Over the recent years, global cosplay has sprawled itself outside the realm of manga and anime characters and become commonplace, even to events like ComicCon which is in turn derived from themes of American pop culture and Hollywood movies. Zero Waste Fashion The Japanese nature of designs has a long-standing culture of minimalism, spiritual connection, and no waste. The ancient term ‘Mottainai', which is directly linked to Buddhist philosophy, which means 'too good to waste'. This term has been embedded into the roots of their designs and can be witnessed by the gracefulness of Japanese handcrafted objects and even in its people.

The modern Zero-Waste movement was led by Japan-born designer Issey Miyake. With his A-POC collection (A Piece of Cloth) in the late 1990s, Miyake minimized waste by making clothes out of a single piece of fabric, so that excess fabric waste wouldn’t end up in overcrowded landfills.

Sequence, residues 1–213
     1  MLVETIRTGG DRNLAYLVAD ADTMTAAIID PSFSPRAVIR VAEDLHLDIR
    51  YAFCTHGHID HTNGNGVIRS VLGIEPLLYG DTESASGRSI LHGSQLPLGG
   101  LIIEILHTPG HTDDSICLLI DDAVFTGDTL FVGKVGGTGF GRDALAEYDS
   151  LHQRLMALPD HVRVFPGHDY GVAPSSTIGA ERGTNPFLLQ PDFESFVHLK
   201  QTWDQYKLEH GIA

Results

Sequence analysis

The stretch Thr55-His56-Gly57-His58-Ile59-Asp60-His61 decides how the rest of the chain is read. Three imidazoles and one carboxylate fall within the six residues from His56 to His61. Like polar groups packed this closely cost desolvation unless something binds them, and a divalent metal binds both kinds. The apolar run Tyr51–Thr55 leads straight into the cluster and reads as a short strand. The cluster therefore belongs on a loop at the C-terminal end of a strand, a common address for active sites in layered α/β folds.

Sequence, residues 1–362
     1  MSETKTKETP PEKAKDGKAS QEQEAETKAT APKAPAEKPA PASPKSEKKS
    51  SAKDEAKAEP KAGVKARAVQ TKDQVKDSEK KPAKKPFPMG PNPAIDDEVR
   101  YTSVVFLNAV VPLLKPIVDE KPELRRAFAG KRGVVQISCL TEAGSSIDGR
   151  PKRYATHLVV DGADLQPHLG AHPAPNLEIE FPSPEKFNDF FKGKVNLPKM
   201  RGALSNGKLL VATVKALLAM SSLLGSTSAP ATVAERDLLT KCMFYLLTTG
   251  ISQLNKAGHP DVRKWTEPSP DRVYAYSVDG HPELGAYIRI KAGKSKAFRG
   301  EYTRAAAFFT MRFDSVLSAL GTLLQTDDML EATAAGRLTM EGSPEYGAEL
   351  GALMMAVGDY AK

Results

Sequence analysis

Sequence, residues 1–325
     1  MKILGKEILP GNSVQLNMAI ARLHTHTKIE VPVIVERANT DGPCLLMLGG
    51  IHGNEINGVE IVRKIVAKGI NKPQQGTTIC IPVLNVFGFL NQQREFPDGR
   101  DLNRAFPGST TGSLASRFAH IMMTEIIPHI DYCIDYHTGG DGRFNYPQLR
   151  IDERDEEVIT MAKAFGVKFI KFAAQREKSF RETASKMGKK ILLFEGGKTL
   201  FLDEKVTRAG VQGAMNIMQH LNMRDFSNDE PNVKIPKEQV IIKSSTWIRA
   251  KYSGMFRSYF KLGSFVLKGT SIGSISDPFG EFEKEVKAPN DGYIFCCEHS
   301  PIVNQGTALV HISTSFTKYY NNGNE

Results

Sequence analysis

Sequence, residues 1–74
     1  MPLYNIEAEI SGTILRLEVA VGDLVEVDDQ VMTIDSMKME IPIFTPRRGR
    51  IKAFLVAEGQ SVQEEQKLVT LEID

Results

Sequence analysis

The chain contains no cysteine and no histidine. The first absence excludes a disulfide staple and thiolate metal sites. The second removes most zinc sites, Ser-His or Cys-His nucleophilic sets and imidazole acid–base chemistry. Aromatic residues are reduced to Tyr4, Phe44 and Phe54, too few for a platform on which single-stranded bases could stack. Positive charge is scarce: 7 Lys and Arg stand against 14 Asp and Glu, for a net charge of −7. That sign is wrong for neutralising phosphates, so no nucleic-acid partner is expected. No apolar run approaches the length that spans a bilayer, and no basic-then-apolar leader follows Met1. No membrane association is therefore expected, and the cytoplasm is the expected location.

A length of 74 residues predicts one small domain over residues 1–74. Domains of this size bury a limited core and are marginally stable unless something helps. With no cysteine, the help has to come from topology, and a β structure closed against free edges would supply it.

A standard garment production process begins with a drawing of the desired garment, a pattern is then generated to achieve this design, subsequently, the pattern pieces are then cut from the cloth, sewn, packed, and distributed among retailers. Standard garment production generates on average 15% textile waste due to the stratification of the garment production process.

The waste hierarchy consists of the three 'R's - Reduce, Reuse, Recycle. In order to provide Zero-waste fashion, it eliminates pre-consumer textile waste, while not necessarily addressing waste created during the useful life and disposal phase of the garment's life cycle.